Feeds

Brocade buys Rhapsody, braves OEM wrath

Tooling up for Cisco battle

  • alert
  • submit to reddit

The essential guide to IT transformation

ComputerWire: IT Industry Intelligence

Brocade Communications Systems Inc has decided that it is better to arm itself for the forthcoming battle with Cisco Systems Inc than to worry about making its OEM partners unhappy, and has spent around $175m in a share-swap acquisition of smart-switch start-up Rhapsody Networks Inc,

Tim Stammers writes

.

Unlike the SAN switches currently sold by Brocade, the devices being developed by Rhapsody are part of a new breed of switch which can act as a platform for storage management applications. Rhapsody has already signed deals which will see its hardware run applications such as Veritas Software Corp's Volume Manager, and virtualization software from both StoreAge Networking Technologies Ltd and FalconStor Software Inc.

The move will bring Brocade into even more intense competition with Cisco next year, when the networking giant enters the storage networking market in earnest by shipping the first of a new range of Fibre Channel and iSCSI switches. Cisco's marketing muscle and reputation will make it a very serious competitor in the storage networking market.

With even high-end storage hardware being commoditized, disk array makers are stepping up their software efforts in order to shore up eroding profit margins. A move by customers towards smart network devices would reduce customers' reliance on that software which array makers supply to run on their hardware. Although Brocade is preparing to sell its products directly, a huge proportion of its current revenue comes via re-badged devices sold by array makers such as EMC Corp.

Brocade executives made several well-rehearsed references to this issue during the conference call held yesterday to announce the purchase of Rhapsody. "We wouldn't have proceeded with this plan unless we had received very positive encouragement from our OEM partners," said Greg Reyes, Brocade CEO. Cisco's first real assault on the storage network market which will begin this quarter and gather pace next year will also involve intelligent switches that will threaten array-makers software revenues. "That's why Brocade had to take this step, because OEM makers are looking for a trusted partner," Reyes said. He did not explain why OEMs should trust Brocade but not Cisco, but he labored the point. "We're committed to being the trusted OEM provider of fabric application platforms," he also said during the call.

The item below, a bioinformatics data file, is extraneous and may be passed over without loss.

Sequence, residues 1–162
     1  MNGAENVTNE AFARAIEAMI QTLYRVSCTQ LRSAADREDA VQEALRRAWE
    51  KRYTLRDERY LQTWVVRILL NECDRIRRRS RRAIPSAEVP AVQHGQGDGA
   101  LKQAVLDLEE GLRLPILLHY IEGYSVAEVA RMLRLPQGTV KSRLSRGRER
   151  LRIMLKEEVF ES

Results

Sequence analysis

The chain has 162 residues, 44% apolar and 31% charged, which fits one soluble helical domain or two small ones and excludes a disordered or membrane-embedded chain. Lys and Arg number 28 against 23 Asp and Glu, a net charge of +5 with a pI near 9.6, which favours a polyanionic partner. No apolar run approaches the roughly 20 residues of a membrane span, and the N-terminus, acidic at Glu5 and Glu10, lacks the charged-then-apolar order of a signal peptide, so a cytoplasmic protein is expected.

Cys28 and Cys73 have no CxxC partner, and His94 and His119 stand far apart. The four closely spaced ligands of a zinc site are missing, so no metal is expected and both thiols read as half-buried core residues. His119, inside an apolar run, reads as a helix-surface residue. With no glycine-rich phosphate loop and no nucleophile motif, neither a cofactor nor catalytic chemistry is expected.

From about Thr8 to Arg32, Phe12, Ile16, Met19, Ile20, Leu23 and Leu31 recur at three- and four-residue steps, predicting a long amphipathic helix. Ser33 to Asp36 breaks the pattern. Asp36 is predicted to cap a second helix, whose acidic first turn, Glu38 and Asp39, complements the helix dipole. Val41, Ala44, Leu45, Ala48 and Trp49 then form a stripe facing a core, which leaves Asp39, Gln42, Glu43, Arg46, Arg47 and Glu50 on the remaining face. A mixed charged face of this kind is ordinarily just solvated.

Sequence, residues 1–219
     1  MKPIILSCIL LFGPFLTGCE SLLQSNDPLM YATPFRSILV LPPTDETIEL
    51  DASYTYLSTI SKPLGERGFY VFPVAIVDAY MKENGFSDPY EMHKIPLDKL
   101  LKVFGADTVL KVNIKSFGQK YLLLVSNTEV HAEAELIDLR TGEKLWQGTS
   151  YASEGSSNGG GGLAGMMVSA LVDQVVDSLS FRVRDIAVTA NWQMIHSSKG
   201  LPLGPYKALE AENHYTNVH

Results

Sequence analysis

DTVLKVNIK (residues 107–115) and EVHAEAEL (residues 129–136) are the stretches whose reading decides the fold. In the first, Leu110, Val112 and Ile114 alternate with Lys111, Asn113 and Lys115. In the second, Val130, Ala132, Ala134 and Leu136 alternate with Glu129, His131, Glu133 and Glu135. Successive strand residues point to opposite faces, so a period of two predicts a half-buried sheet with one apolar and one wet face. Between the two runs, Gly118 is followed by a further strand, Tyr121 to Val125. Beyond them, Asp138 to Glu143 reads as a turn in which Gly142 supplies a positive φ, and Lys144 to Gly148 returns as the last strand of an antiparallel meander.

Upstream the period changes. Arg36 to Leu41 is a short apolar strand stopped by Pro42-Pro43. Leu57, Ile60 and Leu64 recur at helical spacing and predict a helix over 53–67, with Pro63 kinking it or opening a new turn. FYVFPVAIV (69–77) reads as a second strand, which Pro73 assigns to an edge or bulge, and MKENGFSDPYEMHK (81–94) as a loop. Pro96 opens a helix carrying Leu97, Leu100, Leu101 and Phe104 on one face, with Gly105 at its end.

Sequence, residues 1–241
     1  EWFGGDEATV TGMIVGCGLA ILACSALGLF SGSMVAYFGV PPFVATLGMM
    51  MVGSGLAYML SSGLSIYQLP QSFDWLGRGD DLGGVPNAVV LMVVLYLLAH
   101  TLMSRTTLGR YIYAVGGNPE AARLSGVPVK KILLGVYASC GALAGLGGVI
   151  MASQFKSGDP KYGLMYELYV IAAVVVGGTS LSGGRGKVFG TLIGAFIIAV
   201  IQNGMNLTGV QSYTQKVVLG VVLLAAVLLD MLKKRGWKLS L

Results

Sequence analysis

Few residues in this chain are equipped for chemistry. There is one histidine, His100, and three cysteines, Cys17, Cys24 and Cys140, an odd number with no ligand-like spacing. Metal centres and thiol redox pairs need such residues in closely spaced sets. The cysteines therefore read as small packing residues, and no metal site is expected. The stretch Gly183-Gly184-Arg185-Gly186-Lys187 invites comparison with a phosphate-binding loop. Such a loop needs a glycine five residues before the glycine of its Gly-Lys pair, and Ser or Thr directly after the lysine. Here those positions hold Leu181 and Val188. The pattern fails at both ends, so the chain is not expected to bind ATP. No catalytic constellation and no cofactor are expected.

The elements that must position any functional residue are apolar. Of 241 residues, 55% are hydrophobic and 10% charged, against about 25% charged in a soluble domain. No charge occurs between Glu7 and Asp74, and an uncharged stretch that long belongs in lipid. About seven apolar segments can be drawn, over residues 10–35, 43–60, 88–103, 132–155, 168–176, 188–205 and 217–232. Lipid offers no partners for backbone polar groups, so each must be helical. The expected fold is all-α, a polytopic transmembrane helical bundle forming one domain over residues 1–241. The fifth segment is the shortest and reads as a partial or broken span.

Cisco's forthcoming mid-range and high-end SAN switches will be the first from the supplier that will be able to be configured purely as Fibre Channel devices, and unlike its current iSCSI to Fibre Channel bridges, will be able to sport very large numbers of ports. Among the first applications which will be hosted by these devices will almost certainly be Veritas' Volume Manager. Cisco was named as one of the first members of the program Veritas announced last year to see its software ported to smart switches and other devices.

Rhapsody was founded in 2000, and has around 110 employees. It will be operated as a separate unit of Brocade until it has completed "Mission One" - the shipping of its first product, prototypes of which have been delivered to OEMs. Brocade estimated that the first applications based on these platforms will be available from OEMs by the end of next year.

Rhapsody's technology is based on a different ASIC to that used by Brocade. Brocade - of course - insisted that this will represent no integration problems for itself or for its customers, and said that the API to Rhapsody's product will remain unchanged.

© Computerwire

Boost IT visibility and business value

More from The Register

next story
Pay to play: The hidden cost of software defined everything
Enter credit card details if you want that system you bought to actually be useful
Shoot-em-up: Sony Online Entertainment hit by 'large scale DDoS attack'
Games disrupted as firm struggles to control network
HP busts out new ProLiant Gen9 servers
Think those are cool? Wait till you get a load of our racks
Silicon Valley jolted by magnitude 6.1 quake – its biggest in 25 years
Did the earth move for you at VMworld – oh, OK. It just did. A lot
VMware's high-wire balancing act: EVO might drag us ALL down
Get it right, EMC, or there'll be STORAGE CIVIL WAR. Mark my words
Forrester says it's time to give up on physical storage arrays
The physical/virtual storage tipping point may just have arrived
prev story

Whitepapers

Top 10 endpoint backup mistakes
Avoid the ten endpoint backup mistakes to ensure that your critical corporate data is protected and end user productivity is improved.
Implementing global e-invoicing with guaranteed legal certainty
Explaining the role local tax compliance plays in successful supply chain management and e-business and how leading global brands are addressing this.
Backing up distributed data
Eliminating the redundant use of bandwidth and storage capacity and application consolidation in the modern data center.
The essential guide to IT transformation
ServiceNow discusses three IT transformations that can help CIOs automate IT services to transform IT and the enterprise
Next gen security for virtualised datacentres
Legacy security solutions are inefficient due to the architectural differences between physical and virtual environments.